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Resistance to chemotherapy is a major problem facing breast cancer patients, and identifying potential contributors to chemoresistance is a critical area of research. Bisphenol A (BPA) has long been suspected to promote carcinogenesis, but the high doses of BPA used in many studies generated conflicting results. In addition, the mechanism by which BPA exerts its biological actions is unclear. Although estrogen has been shown to antagonize anticancer drugs, the role of BPA in chemoresistance has not been examined.
The objective of our study was to determine whether BPA at low nanomolar concentrations opposes the action of doxorubicin, cisplatin, and vinblastine in the estrogen receptor-α (ERα)-positive T47D and the ERα-negative MDA-MB-468 breast cancer cells.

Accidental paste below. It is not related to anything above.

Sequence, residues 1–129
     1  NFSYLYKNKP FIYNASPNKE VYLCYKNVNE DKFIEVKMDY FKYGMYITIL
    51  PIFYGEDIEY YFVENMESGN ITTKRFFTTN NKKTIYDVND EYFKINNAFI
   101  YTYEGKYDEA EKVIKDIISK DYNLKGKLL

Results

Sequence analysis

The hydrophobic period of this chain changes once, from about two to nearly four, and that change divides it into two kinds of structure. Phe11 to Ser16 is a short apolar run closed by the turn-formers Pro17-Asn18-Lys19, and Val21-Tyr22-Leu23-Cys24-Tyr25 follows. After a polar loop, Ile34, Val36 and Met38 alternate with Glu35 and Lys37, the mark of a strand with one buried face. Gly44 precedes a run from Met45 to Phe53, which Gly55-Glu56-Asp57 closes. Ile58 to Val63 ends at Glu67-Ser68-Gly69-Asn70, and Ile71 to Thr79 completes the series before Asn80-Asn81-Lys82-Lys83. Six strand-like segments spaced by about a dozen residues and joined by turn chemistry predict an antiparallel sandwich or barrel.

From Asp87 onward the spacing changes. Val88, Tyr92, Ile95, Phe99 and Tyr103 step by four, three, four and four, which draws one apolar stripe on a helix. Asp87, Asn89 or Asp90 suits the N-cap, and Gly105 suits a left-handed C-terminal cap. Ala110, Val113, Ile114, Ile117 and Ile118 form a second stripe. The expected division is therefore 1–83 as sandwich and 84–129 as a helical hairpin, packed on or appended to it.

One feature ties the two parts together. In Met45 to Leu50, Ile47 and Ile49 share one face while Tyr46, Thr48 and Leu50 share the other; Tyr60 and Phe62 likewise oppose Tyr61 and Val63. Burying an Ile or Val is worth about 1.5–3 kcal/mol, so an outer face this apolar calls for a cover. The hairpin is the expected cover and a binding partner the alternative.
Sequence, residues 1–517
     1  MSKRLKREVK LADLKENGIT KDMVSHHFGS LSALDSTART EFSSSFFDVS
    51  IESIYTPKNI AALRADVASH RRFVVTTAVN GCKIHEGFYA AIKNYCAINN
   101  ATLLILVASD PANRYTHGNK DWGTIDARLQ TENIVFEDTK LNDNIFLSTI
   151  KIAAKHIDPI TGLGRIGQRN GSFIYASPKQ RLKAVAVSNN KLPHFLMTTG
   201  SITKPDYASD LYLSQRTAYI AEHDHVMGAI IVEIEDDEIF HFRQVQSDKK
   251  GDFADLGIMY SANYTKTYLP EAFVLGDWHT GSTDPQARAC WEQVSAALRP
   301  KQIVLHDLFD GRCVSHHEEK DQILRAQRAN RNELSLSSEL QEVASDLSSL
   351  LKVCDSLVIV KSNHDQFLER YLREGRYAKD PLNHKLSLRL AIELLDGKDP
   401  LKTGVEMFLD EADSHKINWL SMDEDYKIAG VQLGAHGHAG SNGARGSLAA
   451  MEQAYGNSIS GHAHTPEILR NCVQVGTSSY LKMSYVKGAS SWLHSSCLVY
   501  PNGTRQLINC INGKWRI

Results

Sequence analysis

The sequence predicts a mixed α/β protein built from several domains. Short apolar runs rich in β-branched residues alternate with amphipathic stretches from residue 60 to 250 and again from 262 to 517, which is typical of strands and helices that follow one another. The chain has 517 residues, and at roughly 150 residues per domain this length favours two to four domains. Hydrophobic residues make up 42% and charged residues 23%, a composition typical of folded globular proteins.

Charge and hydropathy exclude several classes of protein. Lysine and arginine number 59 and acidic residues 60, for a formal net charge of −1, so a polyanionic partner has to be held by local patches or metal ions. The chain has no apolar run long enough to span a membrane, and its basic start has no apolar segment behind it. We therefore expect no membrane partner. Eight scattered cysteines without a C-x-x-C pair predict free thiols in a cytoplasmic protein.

We determined the responsiveness of cells to anticancer drugs and BPA using the 3-(4,5-dimethylthiazol-2-yl)2,5-diphenyl tetrazolium bromide (MTT) cytotoxicity assay. Specific ERα and ERβ inhibitors and real-time polymerase chain reaction were used to identify potential receptor(s) that mediate the actions of BPA. Expression of antiapoptotic proteins was assessed by Western blotting.
BPA antagonizes the cytotoxicity of multiple chemotherapeutic agents in both ERα-positive and -negative breast cancer cells independent of the classical ERs. Both cell types express alternative ERs, including G-protein–coupled receptor 30 (GPR30) and members of the estrogen-related receptor family. Increased expression of antiapoptotic proteins is a potential mechanism by which BPA exerts its anticytotoxic effects.
BPA at environmentally relevant doses reduces the efficacy of chemotherapeutic agents. These data provide considerable support to the accumulating evidence that BPA is hazardous to human health.